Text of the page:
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Hash functions are the swiss army knife of cryptographers. They are used to generate unique identifiers in hash-and-sign signatures, as one-way functions for one-time-password, to break the structure of the input in key derivation functions and also for authentications. We propose a formal analysis of domain extenders for hash functions in the in differentiability framework. We define a general model for domain extenders and provide a unified proof of their security in the form of a generic reduction theorem. Our general model captures many iterated constructions such as domain extenders, modes of operation of symmetric cryptography such as CBC-MAC or block ciphers based on Feistel networks. Its proof has been carried out using the Computational Indistinguishability Logic of Barthe et al.. The theorem can help designers of hash functions justifying the security of their constructions: they only need to bound the probability of well-defined events. Our model allows to consider many SHA-3 finalists and is instantiated on two well-known constructions, namely Chop-MD and Sponge. Finally, the in differentiability bounds which we prove are convincing since they match previous proofs and the application of our result on the sponge construction (underlying the Keccak design) highlights the lack of an additional term in the bound provided by Bertoni et al., as was anticipated but not justified by Bresson et al..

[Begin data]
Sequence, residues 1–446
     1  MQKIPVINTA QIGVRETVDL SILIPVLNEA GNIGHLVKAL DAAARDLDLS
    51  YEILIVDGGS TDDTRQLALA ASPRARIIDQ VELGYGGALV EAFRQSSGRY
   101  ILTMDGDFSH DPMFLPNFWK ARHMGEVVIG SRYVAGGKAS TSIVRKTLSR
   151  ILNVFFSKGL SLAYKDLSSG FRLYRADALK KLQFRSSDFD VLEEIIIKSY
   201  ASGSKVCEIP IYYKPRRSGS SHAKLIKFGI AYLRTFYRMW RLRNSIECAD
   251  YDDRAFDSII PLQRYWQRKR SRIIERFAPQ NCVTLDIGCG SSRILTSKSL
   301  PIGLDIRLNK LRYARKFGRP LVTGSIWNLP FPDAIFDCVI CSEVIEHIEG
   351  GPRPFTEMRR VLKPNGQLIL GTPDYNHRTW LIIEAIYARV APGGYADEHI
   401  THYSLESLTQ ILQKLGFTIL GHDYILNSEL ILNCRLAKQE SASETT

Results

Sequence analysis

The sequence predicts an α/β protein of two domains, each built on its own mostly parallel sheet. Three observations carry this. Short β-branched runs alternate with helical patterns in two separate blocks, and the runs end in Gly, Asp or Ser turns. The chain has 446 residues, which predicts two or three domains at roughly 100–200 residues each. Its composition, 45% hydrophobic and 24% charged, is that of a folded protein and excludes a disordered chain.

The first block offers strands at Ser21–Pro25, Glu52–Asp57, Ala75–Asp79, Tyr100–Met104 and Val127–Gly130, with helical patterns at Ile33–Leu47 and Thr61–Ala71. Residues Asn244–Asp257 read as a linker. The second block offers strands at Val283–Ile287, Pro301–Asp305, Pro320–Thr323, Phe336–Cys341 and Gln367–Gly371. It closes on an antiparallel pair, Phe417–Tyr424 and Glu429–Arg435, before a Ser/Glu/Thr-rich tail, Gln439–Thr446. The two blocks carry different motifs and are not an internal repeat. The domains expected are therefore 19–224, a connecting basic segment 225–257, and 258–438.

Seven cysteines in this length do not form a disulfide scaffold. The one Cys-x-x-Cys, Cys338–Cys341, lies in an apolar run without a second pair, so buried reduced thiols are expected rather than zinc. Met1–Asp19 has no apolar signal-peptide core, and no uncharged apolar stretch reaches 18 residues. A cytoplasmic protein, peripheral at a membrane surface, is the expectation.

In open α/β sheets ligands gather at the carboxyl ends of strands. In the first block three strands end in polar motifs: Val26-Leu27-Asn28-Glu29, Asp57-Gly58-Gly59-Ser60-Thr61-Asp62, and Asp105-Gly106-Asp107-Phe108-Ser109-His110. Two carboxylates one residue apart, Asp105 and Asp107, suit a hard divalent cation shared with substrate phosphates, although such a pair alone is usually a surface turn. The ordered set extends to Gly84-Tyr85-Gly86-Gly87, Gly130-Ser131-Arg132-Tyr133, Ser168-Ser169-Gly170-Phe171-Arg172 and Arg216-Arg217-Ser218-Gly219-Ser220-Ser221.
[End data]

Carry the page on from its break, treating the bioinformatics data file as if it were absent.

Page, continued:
Date of Conference: 25-27 June 2012